It was meant to be the T. rex of telly. With a monstrous budget of a reported $70m (£46m), the Steven Spielberg-produced sci-fi series Terra Nova has broken records for most expensive show of all time.
It's 2149, and man has trashed the planet. We're introduced to this polluted dystopia through predictable CGI swoopery; it's both grubbily grey and glittering with electric lights (although the cramped interiors just look like the ultimate in Ikea "storage solutions").
Humanity's future now lies in, well, the past. Thanks to some sci-fi cleverness, we can travel back to the cretaceous period, although why this particular, dinosaur-ridden epoch is chosen is unclear. Anyway, we follow the Shannon family through a portal and back to prehistoric paradise, where there's another CGI frenzy of abundant waterfalls and lush forests.
There's some drama in the getting there: maverick cop dad Jim Shannon (Jason O'Mara) has to break out of prison; he and wife Elisabeth (Shelley Conn) hadn't been so good at keeping to the two-children-only population law. And their teenage son is angsty about leaving his girlfriend – until he meets a feisty young thing on arrival, anyway.
But the hope is that this is where the drama really kicks off: because here be dinosaurs. Yet aside from a little hand-feeding over the gates of their camp (think primeval Butlins meets luxury eco-cabins), the first episode is curiously unsatisfying. Apparently, Hollywood scriptwriters were drafted in to give more "heart" to the story, focusing on family dynamics. Given the script's clunking predictability – "He'll make it. He has to." – their £20,000-a-week wordsmithery wasn't good value.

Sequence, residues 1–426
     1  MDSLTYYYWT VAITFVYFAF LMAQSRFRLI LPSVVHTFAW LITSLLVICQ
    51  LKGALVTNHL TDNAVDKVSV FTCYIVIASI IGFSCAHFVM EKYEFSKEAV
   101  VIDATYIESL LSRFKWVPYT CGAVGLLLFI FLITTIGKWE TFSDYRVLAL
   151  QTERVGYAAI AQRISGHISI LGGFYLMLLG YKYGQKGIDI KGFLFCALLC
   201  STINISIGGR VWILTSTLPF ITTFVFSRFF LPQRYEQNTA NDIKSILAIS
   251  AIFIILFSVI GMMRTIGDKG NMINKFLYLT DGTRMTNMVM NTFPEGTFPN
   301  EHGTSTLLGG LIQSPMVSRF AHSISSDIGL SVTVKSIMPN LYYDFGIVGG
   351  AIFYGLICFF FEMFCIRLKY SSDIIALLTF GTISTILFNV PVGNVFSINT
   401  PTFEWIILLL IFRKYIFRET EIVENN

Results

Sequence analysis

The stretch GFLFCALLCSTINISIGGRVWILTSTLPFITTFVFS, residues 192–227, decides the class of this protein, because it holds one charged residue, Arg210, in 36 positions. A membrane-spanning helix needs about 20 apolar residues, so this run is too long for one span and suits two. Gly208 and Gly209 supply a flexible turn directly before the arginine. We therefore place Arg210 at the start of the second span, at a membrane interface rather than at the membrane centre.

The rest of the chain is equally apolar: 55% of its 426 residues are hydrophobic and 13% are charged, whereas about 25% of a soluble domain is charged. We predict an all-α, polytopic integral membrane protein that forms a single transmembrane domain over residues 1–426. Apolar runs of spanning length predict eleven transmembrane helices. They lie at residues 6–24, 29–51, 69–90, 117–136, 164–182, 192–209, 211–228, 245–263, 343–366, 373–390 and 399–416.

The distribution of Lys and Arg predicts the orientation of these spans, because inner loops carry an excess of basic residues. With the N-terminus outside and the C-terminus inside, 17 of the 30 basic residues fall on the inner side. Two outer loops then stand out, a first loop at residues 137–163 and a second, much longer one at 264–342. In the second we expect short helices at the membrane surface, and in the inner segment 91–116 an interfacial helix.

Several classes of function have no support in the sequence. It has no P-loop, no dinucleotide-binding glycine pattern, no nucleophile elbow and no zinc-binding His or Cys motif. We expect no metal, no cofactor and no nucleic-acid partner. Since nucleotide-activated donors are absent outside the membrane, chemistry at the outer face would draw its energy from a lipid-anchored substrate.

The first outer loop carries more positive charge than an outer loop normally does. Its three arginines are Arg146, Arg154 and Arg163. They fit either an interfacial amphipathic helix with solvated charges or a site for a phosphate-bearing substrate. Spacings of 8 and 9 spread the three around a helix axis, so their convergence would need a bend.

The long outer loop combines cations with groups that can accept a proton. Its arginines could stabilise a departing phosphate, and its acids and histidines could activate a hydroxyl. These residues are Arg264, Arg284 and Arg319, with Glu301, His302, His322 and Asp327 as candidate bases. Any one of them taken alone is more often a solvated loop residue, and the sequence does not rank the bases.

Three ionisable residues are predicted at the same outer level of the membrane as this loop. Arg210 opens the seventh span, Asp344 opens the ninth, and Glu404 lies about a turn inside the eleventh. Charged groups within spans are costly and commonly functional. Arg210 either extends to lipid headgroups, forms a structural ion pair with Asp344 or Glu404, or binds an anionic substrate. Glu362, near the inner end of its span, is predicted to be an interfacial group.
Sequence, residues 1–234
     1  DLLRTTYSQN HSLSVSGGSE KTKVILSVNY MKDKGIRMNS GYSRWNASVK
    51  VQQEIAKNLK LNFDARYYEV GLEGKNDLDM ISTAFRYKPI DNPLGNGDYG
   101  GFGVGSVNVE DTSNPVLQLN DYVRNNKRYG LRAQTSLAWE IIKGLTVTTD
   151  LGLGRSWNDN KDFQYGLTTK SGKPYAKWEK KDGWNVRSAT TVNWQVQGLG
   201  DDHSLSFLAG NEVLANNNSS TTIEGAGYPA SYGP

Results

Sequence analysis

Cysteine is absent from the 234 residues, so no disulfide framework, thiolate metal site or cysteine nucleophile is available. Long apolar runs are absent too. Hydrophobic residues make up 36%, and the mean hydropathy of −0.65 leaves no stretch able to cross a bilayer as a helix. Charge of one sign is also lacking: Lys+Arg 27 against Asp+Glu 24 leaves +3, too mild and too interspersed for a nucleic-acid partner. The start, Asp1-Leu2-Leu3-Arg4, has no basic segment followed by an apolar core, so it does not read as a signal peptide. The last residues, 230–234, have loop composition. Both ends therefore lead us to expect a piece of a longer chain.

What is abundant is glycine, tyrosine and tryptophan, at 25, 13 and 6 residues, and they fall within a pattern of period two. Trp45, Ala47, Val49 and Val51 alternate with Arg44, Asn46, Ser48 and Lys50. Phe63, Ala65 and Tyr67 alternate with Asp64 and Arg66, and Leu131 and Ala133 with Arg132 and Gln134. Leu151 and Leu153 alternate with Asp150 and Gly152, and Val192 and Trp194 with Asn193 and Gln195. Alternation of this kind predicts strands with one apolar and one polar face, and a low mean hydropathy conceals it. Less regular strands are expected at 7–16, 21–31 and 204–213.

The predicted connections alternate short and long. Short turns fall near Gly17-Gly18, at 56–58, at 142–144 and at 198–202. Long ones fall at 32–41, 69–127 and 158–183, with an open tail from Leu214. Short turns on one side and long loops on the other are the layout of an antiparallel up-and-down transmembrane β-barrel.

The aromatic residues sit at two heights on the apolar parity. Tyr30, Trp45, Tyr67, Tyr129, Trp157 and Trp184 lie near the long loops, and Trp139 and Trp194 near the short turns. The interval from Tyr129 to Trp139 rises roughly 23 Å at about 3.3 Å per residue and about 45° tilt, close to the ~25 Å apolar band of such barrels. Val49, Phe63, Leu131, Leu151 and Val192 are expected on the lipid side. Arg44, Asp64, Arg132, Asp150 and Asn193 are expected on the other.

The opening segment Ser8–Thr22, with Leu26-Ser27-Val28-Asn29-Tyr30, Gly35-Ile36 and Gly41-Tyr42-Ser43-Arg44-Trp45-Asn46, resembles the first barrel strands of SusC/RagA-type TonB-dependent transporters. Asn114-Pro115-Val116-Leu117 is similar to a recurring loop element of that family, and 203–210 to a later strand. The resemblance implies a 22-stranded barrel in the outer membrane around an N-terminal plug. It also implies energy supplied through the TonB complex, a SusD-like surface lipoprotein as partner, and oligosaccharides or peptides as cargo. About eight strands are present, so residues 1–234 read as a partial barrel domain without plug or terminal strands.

The second episode, immediately following the first on Sky1, was more fun. Jim got to show his irrepressible tough-cop nature when some rebels showed up, and the dinosaurs got all Jurassic Park, attempting to chow down on the juicy young flesh of the teenagers who had rebelliously snuck out of camp. While the plotting and dialogue remained woeful, at least the tension was ramped up as big-toothed, hungry dinosaurs encountered dumb teens in hotpants.
The latest venture of shopping guru Mary Portas was inspired by a reluctance to dress like said posterior-exhibiting teens. Convinced there's a glaring gap in the market for the over-40, but not over-the-hill, woman who doesn't want to look like either "a whore or a granny", the Queen of Shops decided to open her own.
As Peter, her "long-suffering business partner", points out in Mary Queen of Frocks: "There's going to be a lot of people gunning for it not to succeed." Having made a career of telling others where they're going wrong, if Portas shows an inch of vulnerable flesh, she and her shop are likely to be ripped apart. Luckily, she seems to have a full-body suit of armour forged of extreme self-confidence; Portas's mantra is "I know what women want!" interspersed with bellowing "I know this is a great idea!" She is incredulous when M&S's boss won't return her calls, or when only one person applies to work in the 2,000sq ft of House of Fraser she is eventually given to open up shop in.
Of course, this being a TV show there has to be a "journey" (she even yuckily refers to it as such) so we are shown stressful meetings, anguished cab rides and teary moments. Generally, though, Portas has bags of enthusiasm and seems honestly eager to see the best in people. Her insistence on having "happy" staff is a tad patronising, mind; having held down a similar sort of sales job, I've more sympathy with bored assistants failing to hype a hemline than Portas's army of passionate product pushers. Just how exciting can a structured jacket be?
Portas's project may not be dealing in the same number of noughts as Terra Nova, but she is expected to shift £2m in her first year. Yet something tells me even a dinosaur in her path wouldn't stop Portas pursuing that Queen of Frocks crown.